33,000 homeless people died on city’s streets since 2004, says MHA
As many as 33,000 homeless people have perished in the national capital since 2004 due to various reasons and the dearth of night shelters has only aggravated the problem of survival for these street people, the latest union home ministry figures reveal.
According to the data released by the <g data-gr-id="46">zonal</g> integrated police network under the union ministry, 33,518 homeless people died in Delhi between January 2004 and October 2015. For those forced to live under the open sky, the maximum deaths were reported in June as 3,695 <g data-gr-id="42">destitutes</g> died in this particular month during these years.
Sunil Kumar Aledia of the Centre for Holistic Development, which tabulated the data, said paucity of night shelters was one of the major reasons for the high number of deaths.
“There are nearly 150,000 homeless people in Delhi, of which only 4,890 get shelter. This is a mere 3.2 percent of the homeless population in the capital city. The rest are left to fend for themselves squeezed into limited spaces available otherwise, running the risk of contracting diseases. They often sleep on the roadside that increases the chances of accidents,” <g data-gr-id="41">Aledia</g> said.
He said most homeless died of communicable diseases and malnutrition. Such diseases are caused by a lack of basic amenities and hygiene. “Not to talk of the people living on the roads, even those living in shelter homes do not get basic facilities there, which makes them prone to several fatal diseases. The shelter space is deficient by 87.4 percent of the Delhi Master Plan-2021 norms,” he said.
He said only 82 of the 184 shelters in Delhi were permanent and remaining 102 were temporary. This accounted for a mere 12.6 percent of the space proposed for them under the Delhi Master Plan-2021.
As per the Master Plan, nearly 19,37,520 square feet of space is required in the national capital to provide shelter for its homeless whereas the Delhi Urban Shelter Improvement Board (DUSIB), which runs the shelters across the city, has only 2,44,507 square feet of space available at present.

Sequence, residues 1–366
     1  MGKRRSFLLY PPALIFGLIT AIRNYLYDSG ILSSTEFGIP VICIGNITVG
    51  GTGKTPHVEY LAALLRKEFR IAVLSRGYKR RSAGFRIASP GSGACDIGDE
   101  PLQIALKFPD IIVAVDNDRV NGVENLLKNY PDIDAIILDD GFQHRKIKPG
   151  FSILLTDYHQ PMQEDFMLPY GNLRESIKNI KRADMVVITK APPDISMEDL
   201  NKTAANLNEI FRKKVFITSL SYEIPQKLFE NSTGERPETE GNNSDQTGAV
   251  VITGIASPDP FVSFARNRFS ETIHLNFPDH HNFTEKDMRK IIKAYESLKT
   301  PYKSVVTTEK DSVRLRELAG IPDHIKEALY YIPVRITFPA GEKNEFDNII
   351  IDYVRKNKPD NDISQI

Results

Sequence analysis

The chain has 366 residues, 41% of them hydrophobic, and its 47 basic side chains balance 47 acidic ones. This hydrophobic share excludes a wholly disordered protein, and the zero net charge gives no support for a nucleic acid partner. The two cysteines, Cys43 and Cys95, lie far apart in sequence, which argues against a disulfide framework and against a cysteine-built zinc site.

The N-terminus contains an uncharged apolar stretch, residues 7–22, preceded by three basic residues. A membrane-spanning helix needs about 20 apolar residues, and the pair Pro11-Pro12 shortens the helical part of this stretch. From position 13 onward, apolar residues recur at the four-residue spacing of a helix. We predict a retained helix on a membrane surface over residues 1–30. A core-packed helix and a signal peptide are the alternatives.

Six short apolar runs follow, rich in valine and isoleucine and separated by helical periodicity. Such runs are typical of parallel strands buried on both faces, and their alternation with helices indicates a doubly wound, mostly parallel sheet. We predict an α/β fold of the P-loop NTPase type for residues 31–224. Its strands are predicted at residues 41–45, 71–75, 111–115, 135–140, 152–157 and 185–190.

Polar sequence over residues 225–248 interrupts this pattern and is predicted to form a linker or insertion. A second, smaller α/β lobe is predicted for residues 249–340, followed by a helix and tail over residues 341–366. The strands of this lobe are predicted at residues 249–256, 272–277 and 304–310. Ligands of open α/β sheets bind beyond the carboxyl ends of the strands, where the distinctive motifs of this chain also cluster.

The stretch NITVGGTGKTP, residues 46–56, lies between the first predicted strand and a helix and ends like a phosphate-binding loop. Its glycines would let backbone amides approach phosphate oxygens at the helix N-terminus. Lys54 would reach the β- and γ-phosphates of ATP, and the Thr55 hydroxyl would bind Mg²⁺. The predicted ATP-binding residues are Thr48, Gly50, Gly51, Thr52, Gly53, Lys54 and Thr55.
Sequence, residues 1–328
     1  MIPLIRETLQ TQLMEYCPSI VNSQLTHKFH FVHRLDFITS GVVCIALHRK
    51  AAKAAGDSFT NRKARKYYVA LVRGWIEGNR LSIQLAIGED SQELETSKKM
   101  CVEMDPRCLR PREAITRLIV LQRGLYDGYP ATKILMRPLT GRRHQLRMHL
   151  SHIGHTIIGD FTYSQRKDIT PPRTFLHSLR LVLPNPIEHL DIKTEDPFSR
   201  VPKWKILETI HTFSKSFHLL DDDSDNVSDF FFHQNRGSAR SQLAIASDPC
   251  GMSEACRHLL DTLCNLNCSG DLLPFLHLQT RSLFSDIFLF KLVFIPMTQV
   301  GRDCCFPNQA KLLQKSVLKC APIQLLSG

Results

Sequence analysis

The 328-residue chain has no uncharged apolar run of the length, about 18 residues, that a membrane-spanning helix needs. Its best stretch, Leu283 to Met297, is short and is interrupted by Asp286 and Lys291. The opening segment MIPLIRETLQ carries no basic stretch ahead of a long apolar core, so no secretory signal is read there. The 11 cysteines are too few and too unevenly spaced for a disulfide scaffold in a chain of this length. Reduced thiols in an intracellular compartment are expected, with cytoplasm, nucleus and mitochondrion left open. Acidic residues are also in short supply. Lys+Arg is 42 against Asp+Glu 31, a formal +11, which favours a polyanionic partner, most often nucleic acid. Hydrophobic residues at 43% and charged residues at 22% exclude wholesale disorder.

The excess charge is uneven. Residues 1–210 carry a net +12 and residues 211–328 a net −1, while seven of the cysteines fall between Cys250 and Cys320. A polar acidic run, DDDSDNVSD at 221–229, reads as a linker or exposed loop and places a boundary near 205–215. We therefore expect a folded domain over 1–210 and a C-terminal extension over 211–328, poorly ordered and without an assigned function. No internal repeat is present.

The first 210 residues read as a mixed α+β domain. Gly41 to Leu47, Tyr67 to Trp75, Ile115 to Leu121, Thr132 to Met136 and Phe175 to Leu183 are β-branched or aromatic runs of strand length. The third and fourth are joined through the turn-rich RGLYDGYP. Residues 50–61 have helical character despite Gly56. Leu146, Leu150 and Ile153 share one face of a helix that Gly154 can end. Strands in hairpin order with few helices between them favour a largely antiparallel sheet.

The National Urban Livelihood Mission’s Scheme for Shelters for the Urban Homeless (NULM-SUH) talks of providing 50 square feet of space per person. Going by the NULM-SUH guidelines, only 4,890 people can be accommodated in the available space, though DUSIB claims to cater to 25,000 people by making available 9.7 square feet of space per person in the shelters, <g data-gr-id="44">Aledia</g> added.
“This is way below the norm. In 9.7 sq ft, one has to sit and sleep,” he said. Moreover, many city shelters lack basic amenities, including separate toilets for men and women, potable water and security.
Delhi Commission for Women chief Swati Maliwal recently made surprise visits at a few shelters and came across several anomalies in their functioning.
Maliwal, along with DCW member Sarika Chaudhary and two volunteers, visited <g data-gr-id="47">three night</g> shelters run by DUSIB in Nizamuddin and Jama Masjid areas. “There were very few toilets. There were no separate toilets for women. Night shelters meant for men and women are adjacent to each other in the same complex, with no security restrictions,” Maliwal said.
“I have written to the director of night shelter, DUSIB, T.K. Meena regarding the anomalies and asked for a detailed point-wise status report, including steps to be taken to improve the situation,” Maliwal said.
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